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Iowa official to lawmakers: Re-examine open records law

By The Associated Press, staff


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DES MOINES, Iowa — The state's new domestic security chief said yesterday that lawmakers should review Iowa's open-records law to make sure information gathered to defend against terrorist attacks is not open to the public.

Ellen Gordon, named by Gov. Tom Vilsack to head the security effort, said one of her first steps will be to prepare a list of "several hundred" potential terrorism targets and any needed security changes.

She told lawmakers yesterday that they should examine the state's public records law to make sure none of the information would be released publicly.

"We're collecting some pretty critical information," Gordon said. "It's all going to be compiled in one document."

The Des Moines Register reported today that after meeting with the Legislature’s Oversight Committee Gordon said: "We think that for national security purposes that that information should remain confidential or classified, so it doesn't get into the hands of the wrong person."

State Rep. Jack Hatch, a liberal Democrat from Des Moines who usually argues for keeping records open to the public, said "we need to strike a balance" and that some security information need to be kept confidential.

Kathleen Richardson of the Iowa Freedom of Information Council told The Des Moines Register that lawmakers should proceed with caution.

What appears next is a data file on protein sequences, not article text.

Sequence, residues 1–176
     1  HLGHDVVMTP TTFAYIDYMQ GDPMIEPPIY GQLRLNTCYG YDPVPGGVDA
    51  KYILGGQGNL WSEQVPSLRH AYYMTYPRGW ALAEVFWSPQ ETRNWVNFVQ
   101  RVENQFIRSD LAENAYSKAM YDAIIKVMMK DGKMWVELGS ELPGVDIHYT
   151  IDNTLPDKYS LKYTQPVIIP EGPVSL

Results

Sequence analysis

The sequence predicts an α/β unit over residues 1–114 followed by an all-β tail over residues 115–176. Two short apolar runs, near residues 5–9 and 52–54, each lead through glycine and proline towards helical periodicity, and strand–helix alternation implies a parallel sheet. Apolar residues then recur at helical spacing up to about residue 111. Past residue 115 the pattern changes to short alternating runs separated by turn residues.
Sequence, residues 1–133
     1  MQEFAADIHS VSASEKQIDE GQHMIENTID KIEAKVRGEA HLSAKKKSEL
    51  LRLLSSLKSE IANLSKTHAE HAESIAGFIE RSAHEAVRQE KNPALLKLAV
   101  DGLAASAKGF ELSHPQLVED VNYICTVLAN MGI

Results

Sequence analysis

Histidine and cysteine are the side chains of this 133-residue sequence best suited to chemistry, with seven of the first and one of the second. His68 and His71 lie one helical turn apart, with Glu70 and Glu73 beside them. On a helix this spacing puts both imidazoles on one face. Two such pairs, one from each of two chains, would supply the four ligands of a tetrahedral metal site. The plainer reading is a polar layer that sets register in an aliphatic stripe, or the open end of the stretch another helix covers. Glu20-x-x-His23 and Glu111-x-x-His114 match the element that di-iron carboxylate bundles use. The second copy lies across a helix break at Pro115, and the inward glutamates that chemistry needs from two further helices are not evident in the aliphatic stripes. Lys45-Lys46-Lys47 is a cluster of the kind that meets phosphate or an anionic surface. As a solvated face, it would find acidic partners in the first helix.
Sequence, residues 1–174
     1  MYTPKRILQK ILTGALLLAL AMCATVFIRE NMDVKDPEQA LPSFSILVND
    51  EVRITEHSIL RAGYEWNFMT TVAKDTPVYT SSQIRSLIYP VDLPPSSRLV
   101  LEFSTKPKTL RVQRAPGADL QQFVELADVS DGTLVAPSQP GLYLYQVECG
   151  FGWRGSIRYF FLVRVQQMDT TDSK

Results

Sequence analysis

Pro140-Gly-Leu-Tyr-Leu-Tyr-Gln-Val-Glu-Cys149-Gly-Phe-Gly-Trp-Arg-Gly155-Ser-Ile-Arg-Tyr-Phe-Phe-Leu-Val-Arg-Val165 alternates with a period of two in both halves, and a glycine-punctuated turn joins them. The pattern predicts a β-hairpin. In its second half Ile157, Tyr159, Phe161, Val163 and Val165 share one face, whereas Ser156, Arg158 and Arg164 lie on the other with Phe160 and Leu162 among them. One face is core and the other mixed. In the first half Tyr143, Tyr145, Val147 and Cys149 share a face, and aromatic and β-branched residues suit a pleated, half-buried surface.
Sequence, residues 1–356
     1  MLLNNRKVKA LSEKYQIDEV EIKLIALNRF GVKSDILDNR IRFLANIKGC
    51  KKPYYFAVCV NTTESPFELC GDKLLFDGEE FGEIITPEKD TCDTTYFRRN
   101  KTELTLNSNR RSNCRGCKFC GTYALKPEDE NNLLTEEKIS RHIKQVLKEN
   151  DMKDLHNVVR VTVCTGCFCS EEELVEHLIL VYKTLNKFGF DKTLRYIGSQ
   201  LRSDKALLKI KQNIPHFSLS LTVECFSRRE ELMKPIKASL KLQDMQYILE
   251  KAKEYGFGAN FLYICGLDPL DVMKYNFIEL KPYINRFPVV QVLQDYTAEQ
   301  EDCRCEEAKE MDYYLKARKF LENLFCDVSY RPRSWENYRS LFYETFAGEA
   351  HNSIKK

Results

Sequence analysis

"I would hope before the Legislature dives in and starts overhauling the open records law they would see if there are any provisions … that already cover that kind of information," Richardson was quoted by the newspaper as saying. "We don't want to sacrifice our ideals of open government, especially in times of crisis. It's important to keep government as open as possible, so the public can keep an eye on what government is doing and government is accountable to the people."

Gordon said the state wanted to keep the public informed without releasing sensitive information.

“The last thing that I want to have happen is to have it come across that, 'Well, the Homeland Security Office is keeping everything secret,’” she said.


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Bush administration changes policy, says agencies that legitimately turn down requests made under FOIA will have Justice Department’s backing.  10.17.01